The Swan Thieves, a story of obsession by a cast of characters that only Elizabeth Kostova could create. It is a literary collage that you will not want to miss.
Elizabeth Kostova’s novel, The Swan Thieves, took my understanding of “obsession” to a new level. Every character seemed to be obsessed with someone or something. A few of the obsessions were nuanced, but most were forcefully expressed. The result was a layered effect, almost as if a collage of silhouettes were carefully pieced together. Collage, indeed, is the right word, for the entire novel centers on art as well as obsession.
The most obsessed character is a talented artist, Robert Oliver, who has just been admitted to a psychiatric facility because he tried to stab a painting in the National Gallery of Art. No one knows why, and Robert refuses to talk. Throughout The Swan Thieves, he says nothing more than a single line, “I did it for her.” Thus, it becomes the task of the other characters to piece together Robert’s obsession—the reasons for his neurosis and his breakdown.
Andrew Marlowe is Robert’s attending psychiatrist at Goldengrove. Needless to say, it is difficult to diagnose and then treat a patient who will not say a word. Marlowe connects on one level, however, because he too has artistic inclinations. He appreciates Robert’s genius and happily delves into the tacit man’s artistic temperament. You might say, in fact, that Marlowe becomes obsessed with Robert’s case and with solving the mystery of Robert’s obsession. To do so, Marlowe enlists the help of two women who have loved the artist—his wife and his recent lover. Marlowe’s interviews with each of them flesh out Robert’s past and give the reader a fuller understanding of how and why his obsession has driven him mad.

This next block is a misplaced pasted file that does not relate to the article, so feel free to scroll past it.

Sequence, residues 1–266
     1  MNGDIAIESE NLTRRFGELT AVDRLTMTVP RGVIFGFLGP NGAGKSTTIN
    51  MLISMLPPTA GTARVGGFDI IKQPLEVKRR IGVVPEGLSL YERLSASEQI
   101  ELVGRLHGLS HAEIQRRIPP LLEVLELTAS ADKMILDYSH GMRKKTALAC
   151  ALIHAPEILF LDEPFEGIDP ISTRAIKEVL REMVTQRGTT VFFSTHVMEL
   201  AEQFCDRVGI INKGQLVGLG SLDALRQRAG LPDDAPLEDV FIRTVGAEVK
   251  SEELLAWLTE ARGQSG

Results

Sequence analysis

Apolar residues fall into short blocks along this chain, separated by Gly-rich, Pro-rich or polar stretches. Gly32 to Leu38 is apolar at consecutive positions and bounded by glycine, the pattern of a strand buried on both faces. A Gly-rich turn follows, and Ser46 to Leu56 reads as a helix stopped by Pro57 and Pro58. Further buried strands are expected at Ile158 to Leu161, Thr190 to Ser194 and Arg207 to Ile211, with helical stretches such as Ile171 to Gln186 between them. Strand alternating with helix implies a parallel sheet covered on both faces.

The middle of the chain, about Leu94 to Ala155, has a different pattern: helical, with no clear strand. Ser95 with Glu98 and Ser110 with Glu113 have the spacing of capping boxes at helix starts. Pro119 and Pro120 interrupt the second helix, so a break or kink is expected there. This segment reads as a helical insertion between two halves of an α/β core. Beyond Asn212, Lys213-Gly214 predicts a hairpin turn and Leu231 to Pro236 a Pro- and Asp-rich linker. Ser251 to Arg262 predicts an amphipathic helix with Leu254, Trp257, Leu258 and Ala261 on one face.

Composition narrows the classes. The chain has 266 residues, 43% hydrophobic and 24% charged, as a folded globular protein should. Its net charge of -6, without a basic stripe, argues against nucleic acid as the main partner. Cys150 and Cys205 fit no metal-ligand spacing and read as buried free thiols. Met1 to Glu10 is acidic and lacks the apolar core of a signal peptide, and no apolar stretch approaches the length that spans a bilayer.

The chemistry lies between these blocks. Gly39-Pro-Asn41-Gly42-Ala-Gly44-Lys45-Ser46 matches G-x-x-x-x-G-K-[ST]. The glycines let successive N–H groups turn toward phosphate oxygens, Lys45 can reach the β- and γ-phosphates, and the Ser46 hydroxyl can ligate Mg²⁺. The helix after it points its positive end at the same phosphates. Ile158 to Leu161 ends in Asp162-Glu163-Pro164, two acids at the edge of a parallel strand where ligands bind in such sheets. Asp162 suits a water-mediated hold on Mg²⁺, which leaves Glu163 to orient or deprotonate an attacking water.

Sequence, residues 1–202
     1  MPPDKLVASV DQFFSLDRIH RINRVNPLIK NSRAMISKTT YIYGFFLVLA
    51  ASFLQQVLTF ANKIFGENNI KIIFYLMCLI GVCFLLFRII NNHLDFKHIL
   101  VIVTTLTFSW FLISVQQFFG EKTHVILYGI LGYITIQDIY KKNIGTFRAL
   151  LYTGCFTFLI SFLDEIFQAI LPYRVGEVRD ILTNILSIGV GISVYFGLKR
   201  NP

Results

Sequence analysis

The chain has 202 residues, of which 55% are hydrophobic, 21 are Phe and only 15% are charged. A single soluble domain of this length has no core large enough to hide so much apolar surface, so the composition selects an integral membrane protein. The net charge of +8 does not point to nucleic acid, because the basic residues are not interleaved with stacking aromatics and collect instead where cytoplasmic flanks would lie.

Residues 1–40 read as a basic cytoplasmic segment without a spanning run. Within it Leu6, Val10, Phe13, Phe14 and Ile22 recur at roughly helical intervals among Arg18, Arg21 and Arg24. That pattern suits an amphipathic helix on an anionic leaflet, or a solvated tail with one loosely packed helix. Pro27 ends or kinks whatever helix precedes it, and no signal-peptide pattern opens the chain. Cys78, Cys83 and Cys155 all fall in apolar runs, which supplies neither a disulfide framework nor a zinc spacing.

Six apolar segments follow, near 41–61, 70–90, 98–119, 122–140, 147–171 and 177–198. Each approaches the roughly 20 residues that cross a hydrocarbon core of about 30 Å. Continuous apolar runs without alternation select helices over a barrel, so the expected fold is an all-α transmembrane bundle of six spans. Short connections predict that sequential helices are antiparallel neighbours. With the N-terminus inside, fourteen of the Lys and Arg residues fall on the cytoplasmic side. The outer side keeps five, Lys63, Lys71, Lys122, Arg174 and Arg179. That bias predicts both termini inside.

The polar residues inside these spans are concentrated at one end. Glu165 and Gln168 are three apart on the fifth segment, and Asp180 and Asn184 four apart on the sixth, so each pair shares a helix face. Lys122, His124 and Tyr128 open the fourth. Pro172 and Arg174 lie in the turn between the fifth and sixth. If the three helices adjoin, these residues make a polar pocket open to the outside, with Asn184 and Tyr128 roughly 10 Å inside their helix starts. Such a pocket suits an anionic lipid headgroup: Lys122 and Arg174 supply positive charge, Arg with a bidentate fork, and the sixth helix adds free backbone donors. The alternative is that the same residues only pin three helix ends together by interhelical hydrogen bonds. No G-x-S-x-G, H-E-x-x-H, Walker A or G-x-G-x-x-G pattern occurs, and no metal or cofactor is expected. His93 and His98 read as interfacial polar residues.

Robert’s madness is exacerbated by an aging collection of letters that he fingers constantly. Written in the late nineteenth century, in French, the correspondence displays its own set of obsessions, mirroring Robert’s and, finally, mirroring Marlowe’s. Here is where the strength of The Swan Thieves shows itself. In Kostova’s artistic design, the reverberations and parallels grow into the remarkable silhouetted collage I mentioned at the outset. At first, I was bothered by the repetitions, but soon I was totally caught by the artistry. This is a long novel, nearly six hundred pages, and I read it in just three days!
Earlier in “Bookin’ with Sunny,” I reviewed another Elizabeth Kostova novel, The Shadow Land. I raved about it, too, especially about its “skein of disparate threads that all connect,” exactly the strength of The Swan Thieves. I also raved about its “pictorial imagination,” which is even stronger in The Swan Thieves. Kostova has a keen eye for detail, for shapes and colors, for the artistry in every scene and in every depiction of character. She uses words instead of a paintbrush, but the effect is the same. The reader steps inside the collage, joins with the characters and their artistic endeavors. I might add that everyone seems to be a painter in this novel, so artistry is very much at the forefront. Artistry, in fact, is everyone’s obsession. – Ann Ronald
Also available by Elizabeth Kostova: The Historian, The Shadow Land.
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